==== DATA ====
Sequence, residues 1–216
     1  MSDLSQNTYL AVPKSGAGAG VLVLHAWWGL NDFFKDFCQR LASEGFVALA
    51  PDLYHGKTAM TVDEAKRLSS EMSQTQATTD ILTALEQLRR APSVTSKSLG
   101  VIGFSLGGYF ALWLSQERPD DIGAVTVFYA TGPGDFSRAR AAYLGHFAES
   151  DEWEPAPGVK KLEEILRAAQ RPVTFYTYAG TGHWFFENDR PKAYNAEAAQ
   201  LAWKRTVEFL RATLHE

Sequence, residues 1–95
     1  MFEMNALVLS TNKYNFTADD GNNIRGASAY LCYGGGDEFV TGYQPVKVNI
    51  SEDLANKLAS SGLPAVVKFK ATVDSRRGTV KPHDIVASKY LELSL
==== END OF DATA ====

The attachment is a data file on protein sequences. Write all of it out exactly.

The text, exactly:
Sequence, residues 1–216
     1  MSDLSQNTYL AVPKSGAGAG VLVLHAWWGL NDFFKDFCQR LASEGFVALA
    51  PDLYHGKTAM TVDEAKRLSS EMSQTQATTD ILTALEQLRR APSVTSKSLG
   101  VIGFSLGGYF ALWLSQERPD DIGAVTVFYA TGPGDFSRAR AAYLGHFAES
   151  DEWEPAPGVK KLEEILRAAQ RPVTFYTYAG TGHWFFENDR PKAYNAEAAQ
   201  LAWKRTVEFL RATLHE

Sequence, residues 1–95
     1  MFEMNALVLS TNKYNFTADD GNNIRGASAY LCYGGGDEFV TGYQPVKVNI
    51  SEDLANKLAS SGLPAVVKFK ATVDSRRGTV KPHDIVASKY LELSL